Want to know why nothing is going to change in Iraq? Beacuse the administration senses the dynamic has changed
- From: Jack Linthicum <jacklinthicum@xxxxxxxxxxxxx>
- Date: Sat, 01 Sep 2007 12:52:02 -0700
One of the certain signs of insanity is doing the same thing over and
over and expecting different results. A corollary is to expect the
change in results and plan accordingly.
A masterful con job
A couple of days ago, the NYT reported that the White House "is
growing more confident that it can beat back efforts by Congressional
Democrats to shift course in Iraq." It's not because conditions in
Iraq have improved, and it's not because the president's policy is
producing results, but because the administration has "a sense the
dynamic has changed."
It's all about some amorphous "sense" that's entirely independent of
reality. Consider what we've learned this week. The GAO prepared a
"strikingly negative" assessment of conditions on the ground, with no
political progress (the intended point of the "surge") and little
evidence of reduced violence. Of the 18 Iraqi benchmarks, Bush's
policy has come up short on 15. An independent federal commission
believes Iraq's 26,000-member national police force is beyond repair
and might need to be disbanded altogether. A working draft of a secret
document prepared by the U.S. embassy in Baghdad shows that the Maliki
government is rotten to the core. Iraqi civilian deaths are getting
worse, not better. The latest data shows U.S. troop fatalities worse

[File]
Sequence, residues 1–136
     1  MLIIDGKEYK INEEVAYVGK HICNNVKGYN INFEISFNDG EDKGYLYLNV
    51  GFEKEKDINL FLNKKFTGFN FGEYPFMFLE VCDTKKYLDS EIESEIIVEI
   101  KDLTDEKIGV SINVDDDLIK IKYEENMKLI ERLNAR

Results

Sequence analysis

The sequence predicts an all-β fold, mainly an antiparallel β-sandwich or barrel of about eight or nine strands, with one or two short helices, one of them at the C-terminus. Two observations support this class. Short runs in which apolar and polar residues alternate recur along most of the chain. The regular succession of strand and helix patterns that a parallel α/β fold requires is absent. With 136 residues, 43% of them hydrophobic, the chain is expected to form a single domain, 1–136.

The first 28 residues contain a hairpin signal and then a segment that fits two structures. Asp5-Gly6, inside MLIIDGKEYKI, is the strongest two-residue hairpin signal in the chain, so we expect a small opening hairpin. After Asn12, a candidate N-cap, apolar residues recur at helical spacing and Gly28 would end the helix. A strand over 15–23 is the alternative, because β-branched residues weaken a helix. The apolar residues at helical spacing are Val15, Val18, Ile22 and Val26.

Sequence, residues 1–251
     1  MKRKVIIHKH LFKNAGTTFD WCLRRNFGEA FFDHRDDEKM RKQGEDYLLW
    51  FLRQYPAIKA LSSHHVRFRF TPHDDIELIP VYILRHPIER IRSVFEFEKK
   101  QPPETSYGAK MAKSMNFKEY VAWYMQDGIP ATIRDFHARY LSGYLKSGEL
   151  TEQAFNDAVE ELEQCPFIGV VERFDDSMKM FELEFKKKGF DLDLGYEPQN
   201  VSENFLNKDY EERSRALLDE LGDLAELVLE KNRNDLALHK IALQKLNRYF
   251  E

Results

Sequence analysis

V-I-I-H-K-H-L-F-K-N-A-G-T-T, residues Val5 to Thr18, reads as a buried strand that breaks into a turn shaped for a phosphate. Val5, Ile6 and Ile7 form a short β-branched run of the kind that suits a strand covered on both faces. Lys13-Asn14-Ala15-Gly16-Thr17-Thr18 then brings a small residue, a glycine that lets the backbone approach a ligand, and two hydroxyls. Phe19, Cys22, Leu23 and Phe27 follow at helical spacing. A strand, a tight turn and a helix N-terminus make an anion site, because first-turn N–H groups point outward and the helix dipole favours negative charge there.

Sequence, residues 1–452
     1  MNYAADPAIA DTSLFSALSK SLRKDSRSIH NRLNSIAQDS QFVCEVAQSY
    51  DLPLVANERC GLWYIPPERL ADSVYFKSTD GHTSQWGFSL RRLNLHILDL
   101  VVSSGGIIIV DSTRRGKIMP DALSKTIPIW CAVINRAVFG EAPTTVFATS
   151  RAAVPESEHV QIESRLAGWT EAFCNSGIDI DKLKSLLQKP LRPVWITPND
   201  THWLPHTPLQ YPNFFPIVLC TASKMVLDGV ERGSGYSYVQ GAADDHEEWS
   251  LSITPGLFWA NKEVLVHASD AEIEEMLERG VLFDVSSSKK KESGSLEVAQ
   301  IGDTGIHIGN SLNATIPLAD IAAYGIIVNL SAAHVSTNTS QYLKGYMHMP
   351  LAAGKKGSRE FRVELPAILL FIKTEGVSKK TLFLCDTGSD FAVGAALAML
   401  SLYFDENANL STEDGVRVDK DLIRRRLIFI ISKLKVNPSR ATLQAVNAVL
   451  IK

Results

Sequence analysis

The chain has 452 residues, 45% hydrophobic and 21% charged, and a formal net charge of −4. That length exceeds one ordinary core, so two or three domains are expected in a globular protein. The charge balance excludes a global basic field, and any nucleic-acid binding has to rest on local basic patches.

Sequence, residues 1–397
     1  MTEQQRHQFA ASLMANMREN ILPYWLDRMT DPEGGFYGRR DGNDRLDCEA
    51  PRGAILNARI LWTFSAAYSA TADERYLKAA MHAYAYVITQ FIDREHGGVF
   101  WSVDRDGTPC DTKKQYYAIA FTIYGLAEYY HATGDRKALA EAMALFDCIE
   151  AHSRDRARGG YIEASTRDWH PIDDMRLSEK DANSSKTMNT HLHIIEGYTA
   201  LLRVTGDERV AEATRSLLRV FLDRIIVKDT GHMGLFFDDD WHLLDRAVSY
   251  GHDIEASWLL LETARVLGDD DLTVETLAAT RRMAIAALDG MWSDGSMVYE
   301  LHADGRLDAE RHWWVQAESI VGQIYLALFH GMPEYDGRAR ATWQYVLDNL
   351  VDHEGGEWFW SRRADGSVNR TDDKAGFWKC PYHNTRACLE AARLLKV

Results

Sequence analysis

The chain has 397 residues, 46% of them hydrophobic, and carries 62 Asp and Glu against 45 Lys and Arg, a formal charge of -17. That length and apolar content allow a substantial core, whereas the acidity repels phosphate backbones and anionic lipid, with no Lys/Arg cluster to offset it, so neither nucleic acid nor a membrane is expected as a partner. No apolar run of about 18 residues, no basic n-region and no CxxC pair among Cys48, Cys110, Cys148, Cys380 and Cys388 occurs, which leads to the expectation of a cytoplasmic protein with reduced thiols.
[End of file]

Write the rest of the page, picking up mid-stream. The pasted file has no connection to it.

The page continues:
every month this year compared to the same months last year. A
smidgeon of evidence pointing to at least marginal political progress
late last week turned out to be smoke and mirrors.
It's against this backdrop that the White House and its conservative
allies boast, "See? This is the progress we've been waiting for." More
importantly, the conventional wisdom in DC is suddenly in agreement
that they're right.
How on earth is this happening? Kevin Drum explains that Gen. David
Petraeus has run a methodical political campaign that has produced
exactly the desired effect.
[Petraeus is] keenly aware of the value of both the media and
public opinion, and he did what any counterinsurgency expert would
have counseled in his circumstances: he unleashed a hearts-and-minds
campaign aimed at opinion makers and politicians. For months the
military transports to Baghdad have been stuffed with analysts and
congress members, and every one of them has gotten a full court press
of carefully planned and scripted presentations, tightly controlled
visits to favored units, and assorted dollops of "classified"
information designed to flatter his guests and substantiate his rosy
assessments without the inconvenience of having to defend them in
And it's worked.... Five months ago Petraeus was guaranteeing to
wavering Republicans that they'd see progress in August, precisely the
month when the PR campaign was scheduled to go into high gear. Today
he's issuing dire warnings about al-Qaeda hegemony and nine-dollar gas
if we leave, circulating bio pages that let his staff know whether
they're dealing with friend or foe among visiting congress members,
and insisting repeatedly that violence is down in classified briefings
where he doesn't have to publicly defend his figures.
If these don't sound like the actions of an honest broker to you,
they don't to me either. They sound like elements of a campaign with
one overriding purpose: to convince politicians and opinion makers
that we're making progress in Iraq regardless of whether we are or
As con jobs go, this is a masterful one.
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